Sunday should have been a very special Sunday, for Wesley Day – 24th May, fell on Aldersgate Sunday this year. But as with most things at present our celebrations are somewhat muted. Both days commemorate and celebrate the famous conversion experience of John Wesley, Aldersgate Sunday is the Sunday nearest 24th May. Charles had a similar experience a few days before, but John being the bossy elder brother is the one we always remember.
“In the evening I went very unwillingly to a society in Aldersgate Street, where one was reading Luther’s Preface to the Epistle to the Romans. About a quarter before nine, while he was describing the change which God works in the heart through faith in Christ, I felt my heart strangely warmed. I felt I did trust in Christ, Christ alone for salvation, and an assurance was given me that he had taken away my sins, even mine, and saved me from the law of sin and death.”
Wesley Day is always a time to remember what Methodism has contributed to the ecumenical life of the church in our world today. Fortunately, the Wesleyan tradition is ecumenical, itself the child of other streams of Christianity, and one which invites us to be formed in relation to the depth and breadth of Christian thought. All this to say, the theology of love found in the Wesleyan tradition is the culmination of previous theologies in the Roman, Orthodox, Protestant and Anglican traditions. Wesleyan theology not only draws from the ecumenism of the past, but has also informed the theology of love in the ecumenical movement of today.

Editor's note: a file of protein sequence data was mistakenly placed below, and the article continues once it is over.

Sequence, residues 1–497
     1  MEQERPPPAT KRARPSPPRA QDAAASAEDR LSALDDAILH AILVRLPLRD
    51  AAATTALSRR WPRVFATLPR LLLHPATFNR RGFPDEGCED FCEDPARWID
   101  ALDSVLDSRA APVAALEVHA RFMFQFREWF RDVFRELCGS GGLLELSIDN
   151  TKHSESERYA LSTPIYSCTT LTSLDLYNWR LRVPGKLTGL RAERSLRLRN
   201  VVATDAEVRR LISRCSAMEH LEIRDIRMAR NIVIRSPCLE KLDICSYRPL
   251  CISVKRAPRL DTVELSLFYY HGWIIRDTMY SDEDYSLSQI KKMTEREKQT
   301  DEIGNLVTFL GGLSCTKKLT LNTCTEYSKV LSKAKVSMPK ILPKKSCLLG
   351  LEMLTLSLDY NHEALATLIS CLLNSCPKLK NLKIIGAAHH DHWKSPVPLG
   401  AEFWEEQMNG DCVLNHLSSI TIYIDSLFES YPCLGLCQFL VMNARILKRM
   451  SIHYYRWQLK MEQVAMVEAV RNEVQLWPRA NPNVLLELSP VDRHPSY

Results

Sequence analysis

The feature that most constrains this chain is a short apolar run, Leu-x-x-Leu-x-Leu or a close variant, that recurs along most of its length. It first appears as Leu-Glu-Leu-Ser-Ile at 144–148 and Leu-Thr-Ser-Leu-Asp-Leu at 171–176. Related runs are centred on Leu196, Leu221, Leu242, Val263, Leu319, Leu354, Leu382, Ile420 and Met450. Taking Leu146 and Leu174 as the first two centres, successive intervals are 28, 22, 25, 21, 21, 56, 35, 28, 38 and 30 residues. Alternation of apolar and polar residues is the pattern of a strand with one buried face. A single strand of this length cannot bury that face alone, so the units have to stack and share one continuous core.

In addition to the breadth of its theology of love, we also find a depth such that many rightly describe Wesleyan theology as a theology of love. In demonstrable ways we see this.
First, with respect to theology itself. The fact that neither John nor Charles Wesley spent their lives in the academic circles of Oxford University has caused some to discount them as theologians, but that is a both a bogus claim, and one which reveals a too narrow view of the word theologian. Their media were different (e.g. sermons, hymns, treatises and letters) but their message has theological substance (As an aside I believe they would have relished engaging in the social media of today. Zoom , Skype, Facebook, WhatsApp, Instagram, all would have been grist to the Wesley’s evangelical mill!) And their message was rooted in the two great commandments — the love of God and the love of your neighbour as your self.
Second, love is seen with respect to the ministries that characterized Methodism. One of the guiding mantras for John and Charles (and other Methodists) was “faith working by love,” a conviction akin to St. James, who wrote that “faith when not accompanied by actions is dead.” (James 2:17). John Wesley called it “practical divinity,” — what we (and the larger Christian tradition) now refer to as social holiness.
The study of Wesleyan spirituality has shown how much John and Charles (and the Methodist movement) connected with, benefitted from and expressed the many theologies of love which preceded them. A number of academic studies have come to believe that they see Methodism as a ‘Third Order’, akin to what we have seen in the Franciscan order — a movement rooted in and expressive of love.
Love as the cornerstone of faith and life has generated this principle throughout the Wesleyan world, J. Kenneth Grider has stated that “Methodists move toward people who need help.” The help given is not generated solely or primarily by a sense of obligation or duty, but rather from compassion born of love — a sense of love rooted in the person and work of God, who in the Holy Trinity loves the whole world (John 3:16).
God bless and stay safe,